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Chapter 10: The Byzantine empire & Russia. Section 1: The Byzantine Empire. The growth of the Byzantine empire. Emperor Constantine rebuilds Byzantium into Constantinople (Capital) Vital Center of Empire, located on shores of Bosporus strait that linked Mediterranean and Black seas

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Chapter 10: The Byzantine empire & Russia


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    1. Chapter 10: The Byzantine empire & Russia

    2. Section 1: The Byzantine Empire

    3. The growth of the Byzantine empire • Emperor Constantine rebuilds Byzantium into Constantinople (Capital) • Vital Center of Empire, located on shores of Bosporus strait that linked Mediterranean and Black seas • Excellent harbor, commanded key trade routes linking Europe and Asia

    4. The Growth of the byzantine empire • Byzantine Empire declined to small area around Constantinople, still in existence 1000 years after fall of Rome • Blended ancient Greek, Roman, Christian influences w/ Mediterranean traditions

    5. The Age of Justinian • Ruled from 527 to 565 AD, determined to revive ancient Rome, his general reacquired Northern Africa, Italy, and Southern Spain • Hagia Sophia – church w/ arch dome, its interior – colored marble/embroidered silk curtains • Code of Law – Corpus JurisCivilis “Body of Civil Law”, laws passed by roman assemblies

    6. The Age of justinian • Autocrat – sole ruler w/ complete authority, deemed Christ’s co-ruler, combined political power + spiritual authority • 600s – 700s – Arab gained much control of Mediterranean • Healthy Economy w/ peasants as backbone of the empire

    7. Byzantine Christianity • Byzantine Empire controlled church affairs + appointed patriarch (highest church official) in Constantinople • Dispute over use of icons (holy images), outlawed in 700s • 1054 – other controversies led to the schism (permanent split) between Byzantine (Greek) church and Catholic Church

    8. Crisis and Collapse • Byzantine Empire = in decline (constant wars, court intrigues, succession struggles) • Normans conquered southern Italy & Seljuk Turks advanced over Asia Minor • 1090s – First Crusade: Byzantine asks for help from Western powers

    9. Crisis and collapse • 1204 – Attack on Constantinople (4th Crusade), crusaders burned/plundered city for 3 days • 1453 – The Fall of Constantinople • Ottoman forces surround Constantinople • Broke through after 2 months • HagiaSophia became a Islamic house of worship

    10. The Byzantine heritage • Byzantine influenced Europe (Middle Ages) • Blended Christian religious beliefs w/ Greek aspects • Also extended Roman achievements in engineering/law

    11. Section 2:the Rise of Russia

    12. The Geography of russia • Eurasian plate, reaches from Europe to borders of China • 3 broad zones w/ different climates and resources • Northern Forest • Southern fertile land (Ukraine) • Southern steppe (open treeless, grassland)

    13. Growth of Kiev • Slavs and Varangians (Vikings) made up most of Russia at the time (700-800s), Kiev = 1st center of Russian trade • 863 AD – 2 Greek monks adapted Greek alphabet to translate bible into Slavic languages (became Cyrillic alphabet) • Yaroslav the wise – 1019 – 1054: issued written law + translated Greek works to his language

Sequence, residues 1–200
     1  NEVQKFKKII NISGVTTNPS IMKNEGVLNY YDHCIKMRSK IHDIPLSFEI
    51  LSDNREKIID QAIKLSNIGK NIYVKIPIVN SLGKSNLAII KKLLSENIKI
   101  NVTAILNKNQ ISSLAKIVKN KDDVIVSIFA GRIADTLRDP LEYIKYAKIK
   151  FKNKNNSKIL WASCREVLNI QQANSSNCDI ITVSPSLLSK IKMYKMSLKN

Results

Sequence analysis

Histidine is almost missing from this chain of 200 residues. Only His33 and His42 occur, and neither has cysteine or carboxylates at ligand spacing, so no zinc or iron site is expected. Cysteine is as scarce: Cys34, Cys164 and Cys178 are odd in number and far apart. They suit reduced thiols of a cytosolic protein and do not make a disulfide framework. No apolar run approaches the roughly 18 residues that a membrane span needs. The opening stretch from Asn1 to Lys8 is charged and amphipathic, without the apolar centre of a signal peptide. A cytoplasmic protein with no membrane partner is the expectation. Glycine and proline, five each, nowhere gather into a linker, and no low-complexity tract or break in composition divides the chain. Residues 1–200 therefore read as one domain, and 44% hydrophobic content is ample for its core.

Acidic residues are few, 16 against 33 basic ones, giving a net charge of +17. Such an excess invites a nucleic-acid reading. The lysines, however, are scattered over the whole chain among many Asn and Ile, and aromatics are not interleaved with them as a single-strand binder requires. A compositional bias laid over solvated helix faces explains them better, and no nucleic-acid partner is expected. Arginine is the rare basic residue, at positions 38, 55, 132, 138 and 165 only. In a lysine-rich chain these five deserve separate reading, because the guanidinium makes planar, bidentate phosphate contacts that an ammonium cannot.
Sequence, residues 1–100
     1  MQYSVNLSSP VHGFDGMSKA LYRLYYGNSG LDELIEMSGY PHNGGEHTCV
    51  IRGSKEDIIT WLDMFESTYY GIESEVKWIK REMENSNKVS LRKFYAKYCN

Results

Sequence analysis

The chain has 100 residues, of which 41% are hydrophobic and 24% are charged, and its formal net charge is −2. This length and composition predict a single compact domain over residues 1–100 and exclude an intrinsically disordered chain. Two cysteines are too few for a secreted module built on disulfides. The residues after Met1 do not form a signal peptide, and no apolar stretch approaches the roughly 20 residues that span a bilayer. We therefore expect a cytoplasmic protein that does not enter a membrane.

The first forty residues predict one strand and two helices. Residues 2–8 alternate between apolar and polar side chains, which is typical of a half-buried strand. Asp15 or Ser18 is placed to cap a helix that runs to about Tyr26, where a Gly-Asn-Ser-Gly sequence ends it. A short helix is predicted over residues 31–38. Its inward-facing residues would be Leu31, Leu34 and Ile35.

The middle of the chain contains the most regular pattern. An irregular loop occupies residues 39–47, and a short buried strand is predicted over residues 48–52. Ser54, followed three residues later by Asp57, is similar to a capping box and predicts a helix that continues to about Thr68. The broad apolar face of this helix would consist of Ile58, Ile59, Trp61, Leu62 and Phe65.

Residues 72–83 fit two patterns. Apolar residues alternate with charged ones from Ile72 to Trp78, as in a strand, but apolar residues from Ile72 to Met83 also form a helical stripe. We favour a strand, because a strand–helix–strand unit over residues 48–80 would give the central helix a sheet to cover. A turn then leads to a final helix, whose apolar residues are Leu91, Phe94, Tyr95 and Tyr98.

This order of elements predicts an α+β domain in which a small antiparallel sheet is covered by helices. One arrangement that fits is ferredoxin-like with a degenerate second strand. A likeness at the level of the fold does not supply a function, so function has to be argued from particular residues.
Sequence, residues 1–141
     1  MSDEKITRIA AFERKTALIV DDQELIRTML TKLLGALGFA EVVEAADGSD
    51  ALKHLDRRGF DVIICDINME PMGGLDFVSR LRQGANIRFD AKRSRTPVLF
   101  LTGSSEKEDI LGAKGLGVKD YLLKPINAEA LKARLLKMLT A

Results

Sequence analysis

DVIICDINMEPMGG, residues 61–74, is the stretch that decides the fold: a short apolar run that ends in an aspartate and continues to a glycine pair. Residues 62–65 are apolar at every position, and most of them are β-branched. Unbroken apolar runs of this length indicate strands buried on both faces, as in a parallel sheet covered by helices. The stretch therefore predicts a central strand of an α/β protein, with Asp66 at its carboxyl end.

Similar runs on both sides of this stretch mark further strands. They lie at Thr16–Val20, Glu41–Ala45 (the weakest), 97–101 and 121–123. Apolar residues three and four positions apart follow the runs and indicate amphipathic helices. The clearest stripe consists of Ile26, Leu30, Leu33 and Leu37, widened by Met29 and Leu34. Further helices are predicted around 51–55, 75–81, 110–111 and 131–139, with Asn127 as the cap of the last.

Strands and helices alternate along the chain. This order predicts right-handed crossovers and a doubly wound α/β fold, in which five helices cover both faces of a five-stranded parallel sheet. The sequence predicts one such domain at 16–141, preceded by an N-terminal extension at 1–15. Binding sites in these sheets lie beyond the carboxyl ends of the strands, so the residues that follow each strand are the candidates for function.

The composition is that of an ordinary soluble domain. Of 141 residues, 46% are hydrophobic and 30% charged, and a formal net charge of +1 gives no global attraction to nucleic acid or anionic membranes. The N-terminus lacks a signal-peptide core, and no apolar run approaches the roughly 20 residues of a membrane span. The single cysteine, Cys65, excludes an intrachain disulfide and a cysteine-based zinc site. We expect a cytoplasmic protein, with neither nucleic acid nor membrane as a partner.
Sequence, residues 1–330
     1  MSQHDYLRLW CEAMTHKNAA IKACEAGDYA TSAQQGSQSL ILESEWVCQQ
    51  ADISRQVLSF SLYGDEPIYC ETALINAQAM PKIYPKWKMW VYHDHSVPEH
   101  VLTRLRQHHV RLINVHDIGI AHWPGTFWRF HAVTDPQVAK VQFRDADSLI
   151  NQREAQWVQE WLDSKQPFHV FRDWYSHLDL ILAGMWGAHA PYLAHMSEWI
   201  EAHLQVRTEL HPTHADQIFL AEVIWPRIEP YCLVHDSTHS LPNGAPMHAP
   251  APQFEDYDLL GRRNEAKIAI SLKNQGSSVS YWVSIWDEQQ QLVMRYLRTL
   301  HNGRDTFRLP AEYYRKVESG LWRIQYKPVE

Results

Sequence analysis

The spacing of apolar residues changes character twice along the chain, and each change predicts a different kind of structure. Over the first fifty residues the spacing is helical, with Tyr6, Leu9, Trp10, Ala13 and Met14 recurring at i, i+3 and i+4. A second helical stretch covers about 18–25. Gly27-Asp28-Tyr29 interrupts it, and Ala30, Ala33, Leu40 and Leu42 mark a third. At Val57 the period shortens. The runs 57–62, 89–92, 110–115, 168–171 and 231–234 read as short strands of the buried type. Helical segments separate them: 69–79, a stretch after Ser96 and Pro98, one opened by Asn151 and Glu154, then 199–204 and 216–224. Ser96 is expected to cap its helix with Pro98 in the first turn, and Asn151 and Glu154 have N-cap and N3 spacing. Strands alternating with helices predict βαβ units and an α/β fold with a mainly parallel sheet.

14. Mongol conquest • 1236 – 1241, grandson of Genghiz, led mongol armies into Russia (Golden Horde) • Mongols = tolerant leaders, demanded payment of heavy tribute from Russians • 1200s – Russian women = totally subject to male authority in household, Mongols also tolerated Christian Orthodox church

    15. Moscow Takes the lead • Princes of Moscow steadily increased power, became capital of Orthodox Church + political/spiritual center • 1462 – 1505: Ivan III (Ivan the Great): built framework for absolute rule, limited power of boyars (great landowning nobles) • Ivan & successors took title of czar (Caesar in Russian)

    16. Section 3: Shaping Eastern Europe

    17. The geography of Eastern europe • Reaches from Baltic Seas, across Poland, through Balkan Mtns • Most of region lies on great European plains (link up with steppes of Russia) • Main rivers flow either into Black or Baltic Seas

    18. A diverse mix of peoples • West Slavs = Poland South Slavs = Balkans • Balkans had other ethnic groups (people share same language/culture) Asians, Huns, Avars, Bulgars, Khazars, Magyars, Vikings, Germans • Byzantine missionaries carried over Orthodox Christianity + other culture

    19. A diverse mix of peoples • German knights brought Western Roman Catholicism to Poland/Czech/Hungary/Western Balkans • Refuge for Jewish settlers, attacked by Western European Christians (during crusades/Black Death) • 1300s – Polish Kings followed a policy of toleration towards Jews

    20. Early Kingdoms Poland • Poland – Polish King 1st crowned 1000s, 1386 – Poland controlled largest state in Europe (Baltic to Black Sea) • Poland gradually increased power of nobles & met in a diet (assembly), “free veto” = hard for government to make decisions • Poland declined due to poor government, last glory in 1683

    21. Early kingdoms Hungary • Magyar raiders settled in Hungary (adopted Roman Catholicism, much larger than today • Golden Bull of 1222 – forced to recognize King John of England’s nobles (limited royal power) Serbia • 600s – South Slavs settled in Balkans (formed Serbia), accepted Orthodox Christianity

    22. Early kingdoms Serbia (continued) • 1100s – set up own state & reached height under Stefan Dusan (encouraged Byzantine culture) • Successors lacked political gifts, Serbia could not withstand Ottoman Turks • Serbs fought to death at battle of Kosovo (1389)

    23. The end